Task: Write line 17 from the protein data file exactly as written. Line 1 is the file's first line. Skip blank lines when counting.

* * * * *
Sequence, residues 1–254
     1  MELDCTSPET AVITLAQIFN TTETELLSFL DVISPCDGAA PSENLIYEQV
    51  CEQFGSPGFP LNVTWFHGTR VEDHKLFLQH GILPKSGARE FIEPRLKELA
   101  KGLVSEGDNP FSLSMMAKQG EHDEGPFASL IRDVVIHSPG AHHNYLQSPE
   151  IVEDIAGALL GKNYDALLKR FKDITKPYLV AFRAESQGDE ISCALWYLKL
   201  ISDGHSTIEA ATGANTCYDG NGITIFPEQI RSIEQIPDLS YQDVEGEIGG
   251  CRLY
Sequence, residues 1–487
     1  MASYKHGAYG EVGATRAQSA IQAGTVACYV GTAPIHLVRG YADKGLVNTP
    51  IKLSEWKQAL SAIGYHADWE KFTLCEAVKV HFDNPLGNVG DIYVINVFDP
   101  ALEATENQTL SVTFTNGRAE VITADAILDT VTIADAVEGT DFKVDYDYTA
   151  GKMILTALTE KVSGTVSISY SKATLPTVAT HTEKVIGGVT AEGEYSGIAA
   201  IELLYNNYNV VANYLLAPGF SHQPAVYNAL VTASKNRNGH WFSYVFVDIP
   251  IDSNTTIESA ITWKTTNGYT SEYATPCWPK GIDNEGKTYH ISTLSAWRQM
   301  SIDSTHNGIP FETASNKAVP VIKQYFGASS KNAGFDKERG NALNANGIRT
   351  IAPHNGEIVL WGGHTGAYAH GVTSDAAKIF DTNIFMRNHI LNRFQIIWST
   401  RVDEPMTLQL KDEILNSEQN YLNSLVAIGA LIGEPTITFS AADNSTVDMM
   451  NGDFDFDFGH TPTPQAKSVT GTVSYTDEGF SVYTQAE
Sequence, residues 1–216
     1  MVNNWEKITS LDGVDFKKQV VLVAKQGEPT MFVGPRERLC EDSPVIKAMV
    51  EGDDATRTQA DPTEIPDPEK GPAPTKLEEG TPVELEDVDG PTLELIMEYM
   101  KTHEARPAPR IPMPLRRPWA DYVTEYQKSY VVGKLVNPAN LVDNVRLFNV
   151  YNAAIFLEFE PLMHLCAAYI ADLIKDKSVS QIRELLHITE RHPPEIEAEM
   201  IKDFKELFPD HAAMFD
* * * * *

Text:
   401  RVDEPMTLQL KDEILNSEQN YLNSLVAIGA LIGEPTITFS AADNSTVDMM